The Cycle of Pain and Hatred

The stories we tell ourselves are what define who we are and what actions we take. And by extension, they also define who we are not and what actions we don’t take.

A nation is a story — a story we tell ourselves about who we are and who we are not. “I am Indian, and therefore not Pakistani or Bangladeshi or Nepali or Chinese or Burmese or of any other nationality.”

Nationalism is another story — one that we tell ourselves about how we defend our story of the Indian nation and how we don’t.

And as is the nature of stories, these mutate too. The kernel remains the same, but the narrative we spin around this kernel changes a little bit with each person who hears the story and who in turn tells it to themselves and others.

But is war a story?

The reasons for going to war, definitely, are. “This land belongs to us. Here, we exercise our sovereignty. For this is our way of life and living. And it is different from yours.”

In defence of these imagined stories, tangible lives are laid down. Who is to blame for these deaths? Who is to be held accountable? And from whom can a commensurate recompense be claimed?

If stories define what we do and what we don’t, can we blame the stories we tell ourselves and get off the hook for our actions? Can we say we did what we did to them to protect us, our nation, and our nationalism?

And what about their stories, their nations, their loss? Does our story justify it all?

We go to war these days in the name of peace. The rhetoric says that we must fight now so that in the years to come, we can enjoy peace. We must die today so that fewer of us die tomorrow.

Has war led to less death?

Yes, when we take a horizon of millennia we cannot deny that more war has led to more coherent nations and more coherent protection systems and thus reduced the per capita death toll across humanity. Steven Pinker can inform you better on this.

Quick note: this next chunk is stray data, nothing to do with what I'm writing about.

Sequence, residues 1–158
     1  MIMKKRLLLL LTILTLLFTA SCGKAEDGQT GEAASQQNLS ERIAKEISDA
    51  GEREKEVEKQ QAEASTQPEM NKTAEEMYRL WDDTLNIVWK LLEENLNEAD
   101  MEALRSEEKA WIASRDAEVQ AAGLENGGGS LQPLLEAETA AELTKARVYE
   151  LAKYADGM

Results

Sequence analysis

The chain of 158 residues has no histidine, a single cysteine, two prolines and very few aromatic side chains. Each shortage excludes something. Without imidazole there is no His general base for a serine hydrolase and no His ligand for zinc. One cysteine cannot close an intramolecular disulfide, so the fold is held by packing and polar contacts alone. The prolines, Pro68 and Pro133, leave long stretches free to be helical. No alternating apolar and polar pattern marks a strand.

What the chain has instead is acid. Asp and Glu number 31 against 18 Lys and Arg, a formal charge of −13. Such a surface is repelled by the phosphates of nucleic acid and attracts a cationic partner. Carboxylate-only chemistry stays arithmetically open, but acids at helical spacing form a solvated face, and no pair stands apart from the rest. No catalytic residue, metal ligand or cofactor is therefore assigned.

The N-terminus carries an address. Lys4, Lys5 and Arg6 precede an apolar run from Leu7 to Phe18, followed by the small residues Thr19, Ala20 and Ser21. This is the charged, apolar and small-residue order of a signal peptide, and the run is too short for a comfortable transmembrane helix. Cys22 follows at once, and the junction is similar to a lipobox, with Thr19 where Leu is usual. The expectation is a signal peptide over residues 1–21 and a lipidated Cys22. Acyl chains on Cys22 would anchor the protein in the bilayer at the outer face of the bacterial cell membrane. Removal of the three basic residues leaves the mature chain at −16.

But has war led to more war too?

Yes, quite unfortunately so. The pain of loss we experience in one war leads us to seek justice. This pursuit of justice creates hatred for the people who brought about our loss. And this hatred simmers for a long time till it boils up into another war.

In Naruto Shippuuden, Masashi Kishimoto has put it in better words than I can. When two disciples of Jiraiya, a peace-seeking wandering sage, come to war in defence of their paths to create universal harmony, we see the same struggle there that we see today between two warring nations.

Nagato, or Pain as he calls himself, has seen more war than Naruto. And so Nagato asks of his younger sibling-disciple what he can do to end this cycle of hatred and pain.

Here, watch it yourself.

And once you have heard Nagato, ask yourself the same question: how would you confront this hatred to create peace?

Maybe, just maybe, the story you tell yourself will be the answer that has eluded us thus far.

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